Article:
“Good Morning, Henry.” I said, as I passed my brother, in the dining room, with a big smile.
“Good morning. You seem joyful today. Why so?” he asked curiously as he sipped, his second cup of coffee, that morning. He was still in his night clothes, robe, and slippers even though it was late morning.
“Well, my dear brother some days you just feel the need to be joyus.” I said gayly as I tried on a hat in the mirror.
“My, I believe you. That’s a hideous hat you have on at the moment, it also looks disgustingly expensive” he said, teasingly, with a slight disapproval in his voice.
“It is rather ugly, and out of style, but lately I have been trying on a lot of mother’s hats for personal enjoyment. It is very expensive, so don’t you dare get the notion of pouring coffee on it to irritate me, it has real ostrich feathers on it.” I added, pretending to sound annoyed.
“I would not consider that, or ever do that.” replied Henry, pretending to sound sad, even though he had a twinkle in his eye.
“Today I was thinking of taking you to all of your favorite places in New York. You’ve barely gone out, except for Church, and to visit some friends. Besides, the weather is pleasant today…” I explained, as I took off the hat, before I got interrupted.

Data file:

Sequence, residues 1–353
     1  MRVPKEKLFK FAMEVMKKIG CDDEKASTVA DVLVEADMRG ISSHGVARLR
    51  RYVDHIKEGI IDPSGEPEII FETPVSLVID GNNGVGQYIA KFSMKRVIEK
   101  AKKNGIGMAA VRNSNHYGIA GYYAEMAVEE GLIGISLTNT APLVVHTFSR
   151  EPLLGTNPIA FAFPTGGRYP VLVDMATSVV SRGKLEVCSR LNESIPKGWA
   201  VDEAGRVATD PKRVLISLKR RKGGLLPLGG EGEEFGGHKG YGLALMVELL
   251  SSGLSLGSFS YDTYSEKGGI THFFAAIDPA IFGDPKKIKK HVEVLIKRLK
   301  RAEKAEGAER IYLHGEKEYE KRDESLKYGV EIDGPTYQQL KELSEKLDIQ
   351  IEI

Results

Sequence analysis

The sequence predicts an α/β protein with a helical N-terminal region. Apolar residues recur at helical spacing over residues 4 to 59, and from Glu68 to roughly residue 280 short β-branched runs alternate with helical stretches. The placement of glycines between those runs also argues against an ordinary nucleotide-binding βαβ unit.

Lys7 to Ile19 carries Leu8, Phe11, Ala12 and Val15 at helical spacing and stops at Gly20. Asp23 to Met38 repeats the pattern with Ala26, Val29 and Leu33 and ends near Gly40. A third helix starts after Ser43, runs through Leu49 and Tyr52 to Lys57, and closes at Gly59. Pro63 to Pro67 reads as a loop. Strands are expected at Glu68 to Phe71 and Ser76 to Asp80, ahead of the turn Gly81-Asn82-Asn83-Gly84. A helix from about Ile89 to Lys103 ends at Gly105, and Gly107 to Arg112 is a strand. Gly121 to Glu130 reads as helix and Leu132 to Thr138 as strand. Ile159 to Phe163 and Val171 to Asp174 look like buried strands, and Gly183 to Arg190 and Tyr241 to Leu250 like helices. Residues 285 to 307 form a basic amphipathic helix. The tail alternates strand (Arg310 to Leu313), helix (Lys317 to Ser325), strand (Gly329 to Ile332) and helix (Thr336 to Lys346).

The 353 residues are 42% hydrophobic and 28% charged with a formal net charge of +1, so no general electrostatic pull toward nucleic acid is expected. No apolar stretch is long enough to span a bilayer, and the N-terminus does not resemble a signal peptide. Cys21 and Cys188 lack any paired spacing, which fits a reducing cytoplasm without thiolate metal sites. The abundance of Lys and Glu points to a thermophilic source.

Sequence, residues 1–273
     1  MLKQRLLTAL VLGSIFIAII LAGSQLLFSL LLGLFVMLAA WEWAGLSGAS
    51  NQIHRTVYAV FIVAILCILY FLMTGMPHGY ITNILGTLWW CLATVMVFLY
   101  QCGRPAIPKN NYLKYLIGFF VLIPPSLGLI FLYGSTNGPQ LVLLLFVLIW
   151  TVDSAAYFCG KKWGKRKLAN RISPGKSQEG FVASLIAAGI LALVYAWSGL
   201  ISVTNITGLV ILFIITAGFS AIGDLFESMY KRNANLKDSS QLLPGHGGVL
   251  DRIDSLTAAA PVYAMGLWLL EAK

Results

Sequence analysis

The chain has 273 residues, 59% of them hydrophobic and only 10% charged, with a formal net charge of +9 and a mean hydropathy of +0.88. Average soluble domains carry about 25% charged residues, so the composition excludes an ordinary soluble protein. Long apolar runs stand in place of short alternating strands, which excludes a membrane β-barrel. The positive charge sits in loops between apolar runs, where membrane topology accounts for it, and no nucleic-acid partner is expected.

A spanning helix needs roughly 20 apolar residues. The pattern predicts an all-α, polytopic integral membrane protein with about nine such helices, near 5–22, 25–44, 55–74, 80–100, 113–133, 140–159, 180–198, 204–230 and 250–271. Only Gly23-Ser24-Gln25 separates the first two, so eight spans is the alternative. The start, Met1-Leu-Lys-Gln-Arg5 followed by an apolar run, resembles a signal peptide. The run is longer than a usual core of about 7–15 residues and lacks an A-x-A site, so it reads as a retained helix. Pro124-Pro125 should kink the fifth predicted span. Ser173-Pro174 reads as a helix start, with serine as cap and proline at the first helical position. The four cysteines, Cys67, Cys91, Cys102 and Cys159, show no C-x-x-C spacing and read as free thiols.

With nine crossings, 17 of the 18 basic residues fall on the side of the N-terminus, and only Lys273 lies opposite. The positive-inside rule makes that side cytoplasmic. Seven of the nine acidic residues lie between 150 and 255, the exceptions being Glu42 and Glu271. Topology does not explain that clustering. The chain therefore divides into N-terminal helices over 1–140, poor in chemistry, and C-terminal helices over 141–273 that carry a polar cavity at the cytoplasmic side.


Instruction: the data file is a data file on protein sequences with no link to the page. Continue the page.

“That sounds wonderful. But don’t you have school?” he asked curiously, as he put down his emptied cup of coffee.
“Silly! It’s Saturday today.” I replied.
“Alright…” said Henry, still a little uncertain.
“Well get changed in suitable attire and meet me at the entrance.” I added with a sly smile, as I left the room. I knew Henry could not say no. He was not changed enough to miss out on visiting the places where he had the most enjoyment in the past.
I was right, in less than an hour’s time, I went down stairs and saw Henry at the entrance ready, and in his outing clothes. I smiled happily as I hurried down to join him.
“I’ve forgotten how persuasive you are, Shirley.” said Henry with a laugh as he held open the door for me.
“Thank you. Well, I am Shirley Monroe afterall.” I replied honestly, as I headed down the steps.